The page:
EVs charging at electric vehicle charging station

4. Harness Private Sector Capital: Design Policy to be an Investment Multiplier

The federal government is uniquely positioned to accelerate transportation electrification by leveraging hundreds of millions of dollars of private capital via public/private partnerships. Federal support can reduce the private sector risk of investing into early-stage markets and bring private capital off the sidelines. With respect to EV charging, federal policies should act as a market stimulant to incent credible charging companies to extend their infrastructure footprints ahead of when they otherwise might if based on EV sales alone. Public/private partnerships with cost share requirements ensure that private companies have the capacity to deliver on the projects for which they receive government support. Additionally, policy instruments like standards for ‘electric vehicle miles traveled’ for fleets de-risk private sector investments and drive both electrification of the vehicles with the highest environmental impact and ability to help support expanded infrastructure development.

5. Recognize EV Market and Technology Dynamism with Outcome-Based Policies

EVs and EV charging technologies – and their performance and cost metrics – are evolving rapidly, so federal policies should be anchored around societal outcomes, like drivers served, electrified vehicle miles traveled, and jobs created; rather than prescribing standards and targets related to equipment that could become obsolete during near-term program implementation. Regarding employment, EVgo’s internal analyses show that each DC fast charger installed creates approximately 1 full time equivalent (FTE) job, the vast majority of which is in siting, construction and installation. Infrastructure jobs like these cannot be offshored, and hence should be a focus for policymakers. Additionally, to achieve geographic expansion of electrification, grant multipliers and other incentives for hard-to-reach communities can accelerate EV uptake and charging infrastructure deployment where battery electric vehicle adoption has remained low. Fleet electrification has shown outsized environmental, economic, and national security benefits, and even beyond electrifying the 650,000 federal vehicles called out in President Biden’s Executive Order, policy levers to accelerate the electrification of rideshare, delivery, logistics, municipal, and corporate fleets via tax credits and other incentives can mean millions more vehicles going electric.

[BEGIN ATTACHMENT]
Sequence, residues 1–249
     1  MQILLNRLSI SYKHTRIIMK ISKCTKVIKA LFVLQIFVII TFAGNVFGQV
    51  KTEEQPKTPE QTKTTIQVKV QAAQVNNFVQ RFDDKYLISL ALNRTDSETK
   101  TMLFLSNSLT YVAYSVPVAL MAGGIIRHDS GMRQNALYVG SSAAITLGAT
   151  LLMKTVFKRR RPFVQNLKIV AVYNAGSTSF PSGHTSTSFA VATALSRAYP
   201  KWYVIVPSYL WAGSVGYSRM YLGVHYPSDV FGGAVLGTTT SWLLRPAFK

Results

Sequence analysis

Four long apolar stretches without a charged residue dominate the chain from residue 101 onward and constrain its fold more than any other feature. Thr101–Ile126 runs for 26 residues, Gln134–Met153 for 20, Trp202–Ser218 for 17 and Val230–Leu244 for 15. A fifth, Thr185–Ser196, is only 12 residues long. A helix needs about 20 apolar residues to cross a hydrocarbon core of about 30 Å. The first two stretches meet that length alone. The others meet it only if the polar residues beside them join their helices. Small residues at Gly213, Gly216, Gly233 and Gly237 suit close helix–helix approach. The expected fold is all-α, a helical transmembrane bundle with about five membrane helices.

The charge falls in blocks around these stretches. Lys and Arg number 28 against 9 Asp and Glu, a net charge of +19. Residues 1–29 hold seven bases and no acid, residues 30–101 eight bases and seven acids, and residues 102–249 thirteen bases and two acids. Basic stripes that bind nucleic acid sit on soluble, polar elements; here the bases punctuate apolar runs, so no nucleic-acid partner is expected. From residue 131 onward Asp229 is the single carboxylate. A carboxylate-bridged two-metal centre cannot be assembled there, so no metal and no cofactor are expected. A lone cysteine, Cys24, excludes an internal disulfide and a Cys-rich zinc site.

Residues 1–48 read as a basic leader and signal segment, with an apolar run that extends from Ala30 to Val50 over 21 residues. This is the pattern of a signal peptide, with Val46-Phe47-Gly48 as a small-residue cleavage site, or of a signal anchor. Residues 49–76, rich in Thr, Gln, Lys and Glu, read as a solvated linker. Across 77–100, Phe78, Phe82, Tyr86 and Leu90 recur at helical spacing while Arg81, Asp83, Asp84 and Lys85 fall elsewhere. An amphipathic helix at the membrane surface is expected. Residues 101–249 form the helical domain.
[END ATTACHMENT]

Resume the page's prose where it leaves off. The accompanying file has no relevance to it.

evgo charging station with solar panel

6. Reduce Institutional Friction to Streamline Program Deployment

There is no time to waste in getting the US economy and greenhouse gas emissions reduction efforts back on track. While funding support for electrifying transportation is a linchpin that can ignite market activity, the speed with which results can be delivered will be a function of effective collaboration between a multitude of institutions and stakeholders: economic opportunities worth private capital risk, utilities facilitating permitting and interconnection, site hosts and landlords welcoming EV charging, local governments expediting permits and inspections, and the federal government helping spur innovation and spread best practices. Much like how the SunShot Program at the U.S. Department of Energy during the Obama-Biden Administration tackled not just “hard costs” of solar panels but also the “soft costs” to scale photovoltaic deployments, the Biden-Harris Administration should establish a high level EV Deployment Task Force with representation from industry ‘implementers’ and the government agencies accountable for meeting the Administration’s goals in order to accelerate the supply chain and identify areas where permitting and other processes can be improved to reduce time and cost to install charging stations and manufacture new EVs.

1 A best practice in this regard is North Carolina, where the Department of Environmental Quality released a scorecard with transparent criteria detailing how it will score applications.